It can be difficult to manage stress and ease anxieties without downplaying the seriousness of the coronavirus pandemic. As the world faces this novel virus, there is a lot of uncertainty for individuals and society as a whole. Many people are worried about the virus itself and the health of their loved ones. Others are worried about job losses and financial instability.
Increase Your Sense Of Security
Part of the reason many people are experiencing heightened stress levels during the COVID-19 pandemic is the fact that they feel unsafe. Though many people get the virus and recover, they’re in a sense of uncertainty when it comes to catching the coronavirus. If you feel like your health or the health of your loved ones is in jeopardy, it’s important to increase your feeling of security.
The U.S. Department of Veterans Affairs (VA) has provided some tips to people with post-traumatic stress to help increase their feeling of safety that can be useful to people in the recovery community. These tips generally involve safety guidelines that medical professionals recommend to avoid catching the coronavirus, including:
- Washing your hands vigorously with soap and warm water for 20 seconds
- Covering your mouth with a tissue or your elbow if you cough or sneeze
- Staying home as much as possible
- Stay six feet away from people in public
- Follow local, state, and federal quarantining mandates and suggestions
- Disinfect surfaces and objects in your home
- Make plans for what you will do if someone in your household gets sick
Following these guides and staying up to date with new information about COVID-19 not only helps you avoid the virus, but it can add to your peace of mind.
Quarantine Without Social Isolation
Medical professionals and government officials have recommended practicing what they have termed “social distancing.” That means staying away from other people as much as possible, keeping six feet between yourself and others, and even staying home except for when you need to go out for the essentials. Some people are better equipped to self-quarantine than others. But people who thrive with social interaction may feel the negative impact of quarantining more deeply.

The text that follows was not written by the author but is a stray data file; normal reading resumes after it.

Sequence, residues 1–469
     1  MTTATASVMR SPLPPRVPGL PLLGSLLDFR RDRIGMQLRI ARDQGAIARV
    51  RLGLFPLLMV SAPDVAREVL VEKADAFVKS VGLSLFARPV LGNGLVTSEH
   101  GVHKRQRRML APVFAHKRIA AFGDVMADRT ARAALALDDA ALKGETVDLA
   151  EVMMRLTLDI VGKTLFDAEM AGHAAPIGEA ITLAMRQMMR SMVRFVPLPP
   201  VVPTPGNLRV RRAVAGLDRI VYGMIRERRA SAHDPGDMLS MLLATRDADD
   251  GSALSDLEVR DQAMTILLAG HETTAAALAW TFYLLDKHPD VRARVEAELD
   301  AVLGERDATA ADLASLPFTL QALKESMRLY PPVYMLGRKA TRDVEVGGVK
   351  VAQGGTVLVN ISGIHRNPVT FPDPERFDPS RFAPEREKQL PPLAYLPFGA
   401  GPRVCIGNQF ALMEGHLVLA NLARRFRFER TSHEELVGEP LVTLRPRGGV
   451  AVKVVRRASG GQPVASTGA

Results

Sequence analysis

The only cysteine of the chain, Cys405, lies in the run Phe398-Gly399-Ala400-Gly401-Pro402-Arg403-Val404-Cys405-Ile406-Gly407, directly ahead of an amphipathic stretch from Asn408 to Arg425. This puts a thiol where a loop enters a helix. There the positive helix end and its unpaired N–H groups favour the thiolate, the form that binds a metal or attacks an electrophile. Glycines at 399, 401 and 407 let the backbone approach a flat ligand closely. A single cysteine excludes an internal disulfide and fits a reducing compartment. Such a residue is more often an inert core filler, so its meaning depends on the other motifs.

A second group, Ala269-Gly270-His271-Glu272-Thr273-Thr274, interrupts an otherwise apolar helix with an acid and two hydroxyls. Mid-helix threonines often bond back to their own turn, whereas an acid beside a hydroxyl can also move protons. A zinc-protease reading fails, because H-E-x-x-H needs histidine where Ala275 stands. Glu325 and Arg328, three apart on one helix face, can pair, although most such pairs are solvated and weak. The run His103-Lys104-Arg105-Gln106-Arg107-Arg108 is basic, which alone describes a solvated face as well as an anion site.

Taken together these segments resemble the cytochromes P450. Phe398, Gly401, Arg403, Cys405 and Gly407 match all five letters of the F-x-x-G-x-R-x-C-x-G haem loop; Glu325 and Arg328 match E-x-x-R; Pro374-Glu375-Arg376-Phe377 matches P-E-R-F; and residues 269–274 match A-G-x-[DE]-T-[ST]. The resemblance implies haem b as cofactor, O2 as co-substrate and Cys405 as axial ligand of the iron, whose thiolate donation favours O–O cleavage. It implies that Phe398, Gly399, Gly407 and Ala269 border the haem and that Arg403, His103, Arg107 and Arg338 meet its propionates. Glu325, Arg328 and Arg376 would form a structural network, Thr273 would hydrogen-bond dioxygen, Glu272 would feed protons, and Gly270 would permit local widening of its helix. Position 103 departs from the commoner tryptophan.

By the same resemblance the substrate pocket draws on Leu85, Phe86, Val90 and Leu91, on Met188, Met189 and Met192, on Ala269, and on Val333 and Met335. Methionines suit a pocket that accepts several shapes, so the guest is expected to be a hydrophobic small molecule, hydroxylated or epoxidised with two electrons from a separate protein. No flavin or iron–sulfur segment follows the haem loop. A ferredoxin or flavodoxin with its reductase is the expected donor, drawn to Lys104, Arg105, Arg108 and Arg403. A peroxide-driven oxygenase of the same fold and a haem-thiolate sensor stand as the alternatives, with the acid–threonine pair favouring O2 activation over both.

People in the recovery community are especially reliant on interpersonal connections. Community and accountability are a big part of addiction treatment and relapse prevention. In fact, organizations like Alcoholics Anonymous greatly emphasize unity and connection with one another. For that reason, it’s important to maintain interpersonal connections through the COVID-19 crisis. Using available resources to see and speak to the friends and family that make up your support system can help bring you out of the stress, anxiety, and depression that comes with isolation.
If you’re coping with social distancing well, you may still want to reach out to others with a text or phone call to check on them. If you have a sponsor or a therapist, explore ways to communicate with them via the internet or by phone.
Increase Your Sense Of Control And Hope
As this crisis continues, the news may seem bleak and unsettling for a while. However, it’s important to moderate your consumption of negative media and cultivate a sense of hope. The VA also recommends some mindset shifts that can be helpful in shifting your perspective to a more hopeful one. They suggest accepting the current situation and adapting to overcome challenges. Each day has challenges and potential threats, even before the virus. The threats may be different, but that doesn’t mean they can’t be managed or overcome.
It may also help to get organized and create a routine for yourself, even if your home and quarantine. Pursue productive activities and manage your time wisely. Set achievable goals for yourself and work towards them.